• In the film, we see the four Hobbits escape across the Brandywine at Bucklebury Ferry on a dark night. In the next scene, still in the dark, they knock on the gates of Bree. Despite appearances, though, Bree is not just across the Brandywine river - it's something like seventy-five miles away. The book takes four chapters to describe the Hobbits' adventures on the journey, including a trip through the Old Forest, a meeting with the mysterious Tom Bombadil and a very close shave indeed among the Barrow-downs.
  • Moving straight from the Ferry to Bree introduces an awkward inconsistency, because it was during their adventures in the Barrow-downs that the Hobbits acquired their weapons. To fill this gap, we have Aragorn producing a satchel of short swords on Amon Sûl, though the film doesn't attempt to explain how he got his hands on this convenient selection of hobbit-sized weaponry.
  • Arwen's role has been greatly expanded in the film. In the book, Aragorn and the Hobbits are aided by a golden-haired Elf named Glorfindel, not by Arwen, and the flood that saves Frodo from the Black Riders is the work of Elrond and Gandalf. The movie has also given Arwen her own sword, Hadhafang (a name interpreted as 'throng-cleaver'). This sword does not appear in the books, and indeed there Arwen is never mentioned as owning or using a weapon of any kind.
  • The film tells us that Aragorn has renounced his Kingship, but in the book he does no such thing. He is acknowledged leader of his people, the Northern Dúnedain, and by virtue of being Isildur's Heir has the right to claim the throne of Gondor. That he hasn't done so yet doesn't mean he doesn't intend to.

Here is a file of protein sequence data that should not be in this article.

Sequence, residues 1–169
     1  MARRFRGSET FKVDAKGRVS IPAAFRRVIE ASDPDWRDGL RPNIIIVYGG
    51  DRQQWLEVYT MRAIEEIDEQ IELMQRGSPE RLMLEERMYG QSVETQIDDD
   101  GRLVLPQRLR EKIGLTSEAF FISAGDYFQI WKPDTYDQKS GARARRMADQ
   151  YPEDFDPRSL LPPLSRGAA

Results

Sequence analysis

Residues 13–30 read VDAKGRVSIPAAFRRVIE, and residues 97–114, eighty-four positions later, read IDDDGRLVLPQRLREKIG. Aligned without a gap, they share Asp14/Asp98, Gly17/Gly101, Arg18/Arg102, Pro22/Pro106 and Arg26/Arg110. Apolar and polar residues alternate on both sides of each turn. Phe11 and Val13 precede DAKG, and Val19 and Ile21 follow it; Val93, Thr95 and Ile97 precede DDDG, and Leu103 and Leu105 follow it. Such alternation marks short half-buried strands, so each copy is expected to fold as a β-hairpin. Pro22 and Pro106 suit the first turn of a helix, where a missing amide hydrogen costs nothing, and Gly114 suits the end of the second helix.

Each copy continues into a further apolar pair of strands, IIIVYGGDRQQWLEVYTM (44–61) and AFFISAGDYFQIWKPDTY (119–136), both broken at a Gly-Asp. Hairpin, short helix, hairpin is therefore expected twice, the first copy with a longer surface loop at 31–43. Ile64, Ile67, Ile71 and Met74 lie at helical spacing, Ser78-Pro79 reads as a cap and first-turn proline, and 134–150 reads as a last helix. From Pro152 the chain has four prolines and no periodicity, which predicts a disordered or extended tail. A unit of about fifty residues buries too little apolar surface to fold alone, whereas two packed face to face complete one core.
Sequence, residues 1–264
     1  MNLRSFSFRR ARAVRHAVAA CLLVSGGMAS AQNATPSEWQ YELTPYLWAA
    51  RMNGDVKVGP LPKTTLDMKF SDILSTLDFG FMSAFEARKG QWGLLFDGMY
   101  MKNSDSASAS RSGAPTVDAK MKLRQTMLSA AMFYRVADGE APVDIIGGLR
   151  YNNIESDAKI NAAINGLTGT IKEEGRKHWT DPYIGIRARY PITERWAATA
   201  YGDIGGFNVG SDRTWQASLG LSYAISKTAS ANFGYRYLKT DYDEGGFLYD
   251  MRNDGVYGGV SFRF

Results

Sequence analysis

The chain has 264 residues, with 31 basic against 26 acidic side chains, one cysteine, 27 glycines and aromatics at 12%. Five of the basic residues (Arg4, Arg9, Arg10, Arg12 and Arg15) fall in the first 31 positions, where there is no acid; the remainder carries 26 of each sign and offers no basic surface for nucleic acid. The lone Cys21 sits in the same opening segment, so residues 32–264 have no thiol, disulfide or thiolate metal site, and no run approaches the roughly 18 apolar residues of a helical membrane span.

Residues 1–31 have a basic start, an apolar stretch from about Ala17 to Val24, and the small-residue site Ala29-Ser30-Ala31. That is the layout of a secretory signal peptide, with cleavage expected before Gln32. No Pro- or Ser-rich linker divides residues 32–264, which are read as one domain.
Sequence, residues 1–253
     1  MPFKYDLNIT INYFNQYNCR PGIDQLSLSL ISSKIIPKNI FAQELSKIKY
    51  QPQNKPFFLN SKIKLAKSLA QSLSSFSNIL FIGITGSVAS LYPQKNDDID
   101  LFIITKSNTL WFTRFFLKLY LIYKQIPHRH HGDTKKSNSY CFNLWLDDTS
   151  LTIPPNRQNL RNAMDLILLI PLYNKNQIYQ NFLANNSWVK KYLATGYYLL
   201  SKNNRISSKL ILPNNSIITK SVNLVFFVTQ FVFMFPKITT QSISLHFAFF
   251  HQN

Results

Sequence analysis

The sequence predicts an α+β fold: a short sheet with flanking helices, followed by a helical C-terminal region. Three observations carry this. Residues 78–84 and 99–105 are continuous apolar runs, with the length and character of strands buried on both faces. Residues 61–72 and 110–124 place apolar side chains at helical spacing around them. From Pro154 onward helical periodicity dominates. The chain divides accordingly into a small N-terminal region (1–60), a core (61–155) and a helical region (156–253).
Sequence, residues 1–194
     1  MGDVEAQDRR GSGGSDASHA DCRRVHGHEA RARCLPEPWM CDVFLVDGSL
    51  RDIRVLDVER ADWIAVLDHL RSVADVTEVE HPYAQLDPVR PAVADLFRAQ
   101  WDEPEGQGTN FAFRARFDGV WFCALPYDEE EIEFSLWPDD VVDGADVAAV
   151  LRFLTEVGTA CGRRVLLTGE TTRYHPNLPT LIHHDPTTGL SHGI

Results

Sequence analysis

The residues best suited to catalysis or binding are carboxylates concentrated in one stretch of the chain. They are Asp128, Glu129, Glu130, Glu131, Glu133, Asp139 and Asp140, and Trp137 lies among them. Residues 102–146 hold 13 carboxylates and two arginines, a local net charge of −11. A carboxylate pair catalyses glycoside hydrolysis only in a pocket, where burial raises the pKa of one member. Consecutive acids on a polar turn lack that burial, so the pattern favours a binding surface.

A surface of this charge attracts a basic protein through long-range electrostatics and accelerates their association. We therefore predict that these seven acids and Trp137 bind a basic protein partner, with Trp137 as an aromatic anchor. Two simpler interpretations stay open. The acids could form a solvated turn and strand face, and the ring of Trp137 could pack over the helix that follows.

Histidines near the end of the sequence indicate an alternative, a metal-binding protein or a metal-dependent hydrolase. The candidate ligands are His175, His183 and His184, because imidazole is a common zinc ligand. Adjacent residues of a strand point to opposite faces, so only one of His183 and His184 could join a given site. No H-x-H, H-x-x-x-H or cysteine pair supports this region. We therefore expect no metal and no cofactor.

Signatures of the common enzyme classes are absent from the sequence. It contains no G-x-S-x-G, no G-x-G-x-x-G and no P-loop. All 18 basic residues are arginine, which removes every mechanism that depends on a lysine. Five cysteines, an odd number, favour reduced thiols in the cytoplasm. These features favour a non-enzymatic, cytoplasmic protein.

• In the book, there are not two but five Wizards, of whom three are named: Gandalf, Saruman and a third, Radagast the Brown, who has been removed from the film version. He plays only a small part in the story, but he's important in that he unknowingly arranges for Gandalf's escape from Orthanc by sending the Eagle Gwaihir. With no Radagast in the film, Gandalf has to arrange his own escape, by sending a message to Gwaihir by moth.
  • In the book, when the Fellowship attempt the Redhorn Pass, they are most likely beaten back by the ill will of Caradhras itself, or just possibly through the power of Sauron; the film shows Saruman causing their difficulties instead.
  • In the book, Saruman bred Men and Orcs to create creatures known as Half-orcs or Goblin-men, and this has led some to associate him with the origins of the Uruk-hai too. The original Uruks were full Orcs of a particularly powerful and deadly kind, and originated in Mordor about five hundred years before the story begins. The film chooses to make Saruman their creator, but it isn't clear whether this is intentional departure from the book, or a simple mistake.
  • Lurtz, the Uruk chieftain who shoots Boromir and is in turn slain by Aragorn, is entirely an invention of the film-makers. No such character appears anywhere in the book. He does seem to be quite compatible with the story, though. In fact, if the film version of the The Two Towers follows the book of the same name, we'll see his Orc-band arguing and fighting among themselves, which would make sense if they'd lost their leader in battle.

Movie Trivia

For all the changes between the book and the film, it's clear that Peter Jackson and his colleagues had a fairly thorough knowledge of Tolkien's work. That's obvious from a few 'in-jokes' and other trivia that pepper the film, though they do make one or two tiny mistakes too. This list mentions some of these; very minor points that don't have any real significance, but are entertaining nonetheless.